February’s BLS Jobs Report landed on Friday, and the numbers were surprisingly positive. A healthy 236,000 jobs were added to the private sector, a whopping 71,000 more jobs than expected. While you might think this would be cause for celebration, the reaction among major news outlets was decidedly mixed. The Gray Lady — followed by scores of other outlets – unleashed a frenzy of upbeat articles, each presenting a rosy outlook for the still-wobbly economy. NPR was more measured in its coverage, being bold enough to give some airtime to the falling participation rate (this number measures the amount of employable adults actively engaged in the labor market). It also balanced Friday’s good news with coverage of the continuing challenges faced by the long-term unemployed. Naturally, The Wall Street Journal did what the Wall Street Journal does best: rain on everyone’s parade.
In short, the numbers are more promising than many observers expected, but change is still to come. Here’s what the situation looks like from our spot in the jobs space. Read More →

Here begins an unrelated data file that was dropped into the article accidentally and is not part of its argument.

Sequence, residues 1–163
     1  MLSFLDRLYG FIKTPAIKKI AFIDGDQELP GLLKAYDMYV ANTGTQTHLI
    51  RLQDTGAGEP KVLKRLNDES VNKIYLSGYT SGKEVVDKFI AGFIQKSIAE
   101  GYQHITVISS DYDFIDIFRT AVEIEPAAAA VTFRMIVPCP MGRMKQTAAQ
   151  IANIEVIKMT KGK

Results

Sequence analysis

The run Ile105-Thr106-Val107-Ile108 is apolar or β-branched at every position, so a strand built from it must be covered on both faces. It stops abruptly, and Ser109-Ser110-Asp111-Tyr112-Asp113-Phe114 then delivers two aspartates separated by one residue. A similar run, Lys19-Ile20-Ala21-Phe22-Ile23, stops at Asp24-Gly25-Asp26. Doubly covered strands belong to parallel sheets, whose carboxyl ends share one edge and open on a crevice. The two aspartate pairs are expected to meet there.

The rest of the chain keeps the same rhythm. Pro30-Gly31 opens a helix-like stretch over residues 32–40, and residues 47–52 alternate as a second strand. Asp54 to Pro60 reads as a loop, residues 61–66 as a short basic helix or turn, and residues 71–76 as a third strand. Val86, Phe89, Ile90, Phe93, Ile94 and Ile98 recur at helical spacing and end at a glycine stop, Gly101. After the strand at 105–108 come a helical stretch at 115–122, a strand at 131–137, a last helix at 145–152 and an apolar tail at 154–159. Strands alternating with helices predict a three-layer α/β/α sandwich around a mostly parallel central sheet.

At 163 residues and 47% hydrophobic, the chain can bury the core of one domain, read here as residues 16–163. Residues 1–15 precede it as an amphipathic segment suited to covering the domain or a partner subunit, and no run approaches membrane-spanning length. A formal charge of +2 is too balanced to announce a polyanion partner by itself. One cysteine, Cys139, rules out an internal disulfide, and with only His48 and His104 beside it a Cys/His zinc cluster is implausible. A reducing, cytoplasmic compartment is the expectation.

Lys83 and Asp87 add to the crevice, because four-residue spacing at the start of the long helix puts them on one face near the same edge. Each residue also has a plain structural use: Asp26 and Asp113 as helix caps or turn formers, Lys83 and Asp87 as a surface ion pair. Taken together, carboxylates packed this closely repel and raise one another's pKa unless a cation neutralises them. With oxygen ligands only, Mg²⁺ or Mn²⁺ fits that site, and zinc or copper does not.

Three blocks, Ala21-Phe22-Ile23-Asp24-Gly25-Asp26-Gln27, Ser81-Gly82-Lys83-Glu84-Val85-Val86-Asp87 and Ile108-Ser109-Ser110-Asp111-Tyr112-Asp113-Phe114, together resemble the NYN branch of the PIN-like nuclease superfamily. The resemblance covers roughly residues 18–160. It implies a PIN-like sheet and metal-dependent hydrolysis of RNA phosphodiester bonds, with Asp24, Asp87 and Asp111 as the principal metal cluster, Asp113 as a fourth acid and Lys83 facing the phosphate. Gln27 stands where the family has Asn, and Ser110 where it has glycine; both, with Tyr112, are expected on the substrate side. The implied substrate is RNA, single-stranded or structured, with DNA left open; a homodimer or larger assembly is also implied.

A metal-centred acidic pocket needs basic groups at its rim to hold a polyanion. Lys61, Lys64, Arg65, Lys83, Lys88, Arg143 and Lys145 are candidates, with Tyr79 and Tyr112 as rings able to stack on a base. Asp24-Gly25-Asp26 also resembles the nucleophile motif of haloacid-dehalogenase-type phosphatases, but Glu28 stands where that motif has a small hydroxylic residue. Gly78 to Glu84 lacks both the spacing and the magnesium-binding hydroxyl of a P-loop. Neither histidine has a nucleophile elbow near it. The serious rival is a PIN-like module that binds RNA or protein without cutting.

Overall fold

by Tyler Bradford
We recently wrote about how to act (and not act) during your entry-level job, but, admittedly, I skipped a small step: actually landing that first job. Gone are the days when companies willingly hired scores of college graduates, paying them a living wage and starting them on the upward professional track. Twenty first-century twenty-somethings can no longer rely on such linear development, faced instead with such ambiguous prospects as scores of unpaid internships which may or may not convert into full-time employment and companies who simply refuse to invest in the emerging work force.